Editorial by Sandy Ross
Make NTSC your PAL, and SECAM too†
“To Import or Not to Import” should have motivated legions of people to start snapping up import games, but some questions have been raised about NTSC compatibility with other video signal systems. Unless you live in North America or Japan, your television may not be capable of displaying NTSC video; but fear not, gentle gamers, for I bring you tidings of great joy. There are ways to solve this problem, even if you have a television that’s as old as your parents.
There are three main video signals types in use on planet Earth: PAL, SECAM / MESECAM and NTSC.†† PAL, or Phase Alternating Line, is common in South America and some regions of Europe. PAL-M and PAL-N are used in South America, while Australia and most Scandinavian countries use the PAL system. PAL-M, PAL-N and PAL differ in their colour subcarrier frequency and vertical frequency. The colour subcarrier frequency carries colour (chroma) information along with the main transmission signal, in other words, not something you need to worry about unless you’re an engineer. PAL-M has a vertical frequency of 60, which is higher than that of PAL and PAL-N. This means that the image is updated a little more frequently on a PAL-M television than on a PAL or PAL-N screen.
SECAM, or Sequential Colour with Memory (Sequential Couleur Avec Mémoire) is a product of French engineering. This system dominates in Europe and former French colonies. Featuring the highest resolution rate of the three video signals, SECAM has 819 lines of resolution per second. Like PAL, SECAM stores colour information, and display colours are more consistent. MESECAM is a variation of SECAM used in the Middle East. Finding information about the technical specifications of MESECAM was rather difficult, but it seems that for the purposes of buying a SECAM to NTSC converter, MESECAM is interchangeable with SECAM.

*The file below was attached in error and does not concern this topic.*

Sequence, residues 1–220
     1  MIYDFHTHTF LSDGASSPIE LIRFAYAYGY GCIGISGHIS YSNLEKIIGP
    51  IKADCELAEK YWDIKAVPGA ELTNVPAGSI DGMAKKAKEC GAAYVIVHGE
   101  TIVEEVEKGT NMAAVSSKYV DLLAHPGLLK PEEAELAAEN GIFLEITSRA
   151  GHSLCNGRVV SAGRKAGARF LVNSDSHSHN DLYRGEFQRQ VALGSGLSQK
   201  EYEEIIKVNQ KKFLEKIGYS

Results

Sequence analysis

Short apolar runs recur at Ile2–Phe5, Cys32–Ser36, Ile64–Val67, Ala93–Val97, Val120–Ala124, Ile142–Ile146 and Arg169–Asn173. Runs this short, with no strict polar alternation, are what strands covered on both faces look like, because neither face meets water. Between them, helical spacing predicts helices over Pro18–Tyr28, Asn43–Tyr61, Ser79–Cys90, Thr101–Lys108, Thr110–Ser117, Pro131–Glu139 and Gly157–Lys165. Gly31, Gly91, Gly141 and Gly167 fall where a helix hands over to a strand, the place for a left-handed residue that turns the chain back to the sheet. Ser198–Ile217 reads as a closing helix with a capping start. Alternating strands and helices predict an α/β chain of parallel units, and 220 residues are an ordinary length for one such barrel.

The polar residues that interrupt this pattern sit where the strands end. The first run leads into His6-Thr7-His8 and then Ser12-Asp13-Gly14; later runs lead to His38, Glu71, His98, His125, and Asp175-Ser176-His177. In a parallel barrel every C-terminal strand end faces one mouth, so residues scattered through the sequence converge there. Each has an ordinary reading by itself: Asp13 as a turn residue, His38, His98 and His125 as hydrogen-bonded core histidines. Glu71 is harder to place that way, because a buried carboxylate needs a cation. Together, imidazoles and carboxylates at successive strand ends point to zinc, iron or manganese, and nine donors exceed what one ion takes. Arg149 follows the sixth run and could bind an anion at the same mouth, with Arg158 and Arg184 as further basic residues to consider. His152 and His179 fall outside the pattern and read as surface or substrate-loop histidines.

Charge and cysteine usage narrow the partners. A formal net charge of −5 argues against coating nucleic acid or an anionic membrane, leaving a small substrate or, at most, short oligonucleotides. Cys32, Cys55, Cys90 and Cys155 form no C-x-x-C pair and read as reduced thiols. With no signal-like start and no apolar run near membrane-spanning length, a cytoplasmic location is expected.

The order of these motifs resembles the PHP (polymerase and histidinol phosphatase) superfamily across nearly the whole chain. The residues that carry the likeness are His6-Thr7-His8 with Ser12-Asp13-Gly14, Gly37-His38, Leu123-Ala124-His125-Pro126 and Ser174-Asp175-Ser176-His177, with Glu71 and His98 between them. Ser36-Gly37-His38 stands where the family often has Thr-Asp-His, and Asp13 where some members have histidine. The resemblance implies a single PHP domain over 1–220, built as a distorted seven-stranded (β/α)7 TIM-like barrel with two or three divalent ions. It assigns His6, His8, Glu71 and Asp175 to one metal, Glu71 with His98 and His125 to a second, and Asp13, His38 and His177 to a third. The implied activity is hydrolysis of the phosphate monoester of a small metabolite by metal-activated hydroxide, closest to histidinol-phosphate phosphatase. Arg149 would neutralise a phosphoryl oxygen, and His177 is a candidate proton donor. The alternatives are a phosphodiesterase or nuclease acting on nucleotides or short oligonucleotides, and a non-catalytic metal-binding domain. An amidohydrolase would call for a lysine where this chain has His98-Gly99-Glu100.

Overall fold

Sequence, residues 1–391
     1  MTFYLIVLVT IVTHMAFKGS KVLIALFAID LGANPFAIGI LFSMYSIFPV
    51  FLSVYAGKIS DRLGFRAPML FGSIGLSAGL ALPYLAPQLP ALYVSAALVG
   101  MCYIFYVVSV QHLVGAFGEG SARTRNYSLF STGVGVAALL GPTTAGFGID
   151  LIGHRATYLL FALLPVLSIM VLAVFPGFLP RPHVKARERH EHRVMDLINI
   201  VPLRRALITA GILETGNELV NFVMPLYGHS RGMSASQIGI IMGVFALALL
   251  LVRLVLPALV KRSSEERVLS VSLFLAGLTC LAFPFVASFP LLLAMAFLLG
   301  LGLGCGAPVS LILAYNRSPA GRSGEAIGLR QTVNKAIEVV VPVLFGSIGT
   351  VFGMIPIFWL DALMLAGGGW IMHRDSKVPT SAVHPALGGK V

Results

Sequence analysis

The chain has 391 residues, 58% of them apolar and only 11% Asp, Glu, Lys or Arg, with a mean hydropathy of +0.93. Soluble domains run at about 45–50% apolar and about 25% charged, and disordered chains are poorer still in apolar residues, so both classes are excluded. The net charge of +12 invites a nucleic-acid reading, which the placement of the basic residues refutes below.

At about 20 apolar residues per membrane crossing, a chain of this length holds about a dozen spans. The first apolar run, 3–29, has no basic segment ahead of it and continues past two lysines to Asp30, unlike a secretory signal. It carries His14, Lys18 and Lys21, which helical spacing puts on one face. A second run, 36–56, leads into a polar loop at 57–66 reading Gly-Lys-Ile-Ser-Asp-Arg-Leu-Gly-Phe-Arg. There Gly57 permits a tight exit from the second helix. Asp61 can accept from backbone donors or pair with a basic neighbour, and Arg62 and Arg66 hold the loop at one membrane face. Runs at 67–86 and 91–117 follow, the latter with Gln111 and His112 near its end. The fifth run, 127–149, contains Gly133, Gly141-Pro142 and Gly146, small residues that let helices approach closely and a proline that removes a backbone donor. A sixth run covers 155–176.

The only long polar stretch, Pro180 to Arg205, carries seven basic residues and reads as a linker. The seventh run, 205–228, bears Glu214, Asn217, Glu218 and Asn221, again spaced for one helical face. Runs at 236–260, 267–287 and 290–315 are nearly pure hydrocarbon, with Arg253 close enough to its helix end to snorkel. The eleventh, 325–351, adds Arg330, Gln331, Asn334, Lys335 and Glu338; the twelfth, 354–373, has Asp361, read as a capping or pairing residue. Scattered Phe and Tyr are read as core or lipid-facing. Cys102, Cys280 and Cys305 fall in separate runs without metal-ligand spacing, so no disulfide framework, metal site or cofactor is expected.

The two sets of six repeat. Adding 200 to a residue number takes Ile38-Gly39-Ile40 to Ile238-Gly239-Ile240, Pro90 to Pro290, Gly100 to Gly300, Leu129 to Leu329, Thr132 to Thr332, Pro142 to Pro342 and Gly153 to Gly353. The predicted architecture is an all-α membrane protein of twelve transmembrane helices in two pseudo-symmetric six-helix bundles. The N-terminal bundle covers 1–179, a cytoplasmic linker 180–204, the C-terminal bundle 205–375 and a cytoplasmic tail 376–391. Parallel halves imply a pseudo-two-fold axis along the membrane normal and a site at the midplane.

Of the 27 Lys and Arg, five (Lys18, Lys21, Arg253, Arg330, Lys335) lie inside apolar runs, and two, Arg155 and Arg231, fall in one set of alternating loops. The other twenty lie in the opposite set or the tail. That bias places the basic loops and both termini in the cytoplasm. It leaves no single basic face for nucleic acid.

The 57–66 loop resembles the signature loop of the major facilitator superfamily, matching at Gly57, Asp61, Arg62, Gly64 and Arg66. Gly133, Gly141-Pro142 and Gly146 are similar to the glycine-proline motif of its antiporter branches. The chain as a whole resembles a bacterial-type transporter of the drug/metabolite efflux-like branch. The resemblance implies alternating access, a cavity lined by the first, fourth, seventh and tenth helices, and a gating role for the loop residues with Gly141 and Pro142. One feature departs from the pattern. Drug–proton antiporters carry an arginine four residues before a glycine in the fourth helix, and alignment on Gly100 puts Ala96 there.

National Television Systems Committee, or NTSC, does not have the same colour accuracy as SECAM or the PAL systems and it has fewer lines of resolution; however, this format has a vertical frequency of 60. Known among engineers as “Never Twice the Same Colour”, NTSC is notorious for poor consistency in colour registration. This system is used in Canada, the United States and Japan, which means that you need NTSC compatibility to play Japanese or North American games.
For European gamers, the best option is the buy a PAL to NTSC converter, which isn’t prohibitively expensive. There are a few questions one should ask before buying. Find out if the device needs electricity or batteries, and what electrical current and voltage the converter requires, as many of these devices aren’t made in Europe. A simple line-in / line-out box converter is the best option. If you’re planning on going in the other direction, from NTSC to PAL, there are converters available for this as well.
Import gaming stores aren’t your only option for buying converters. Online electronics merchants sell high-end converters designed for converting and dubbing tapes or burning DVDs from one video system to another. Ordinarily this isn’t isn’t the kind of equipment necessary to play games, but if you’re looking for SECAM conversion, this seems to be the only way to go.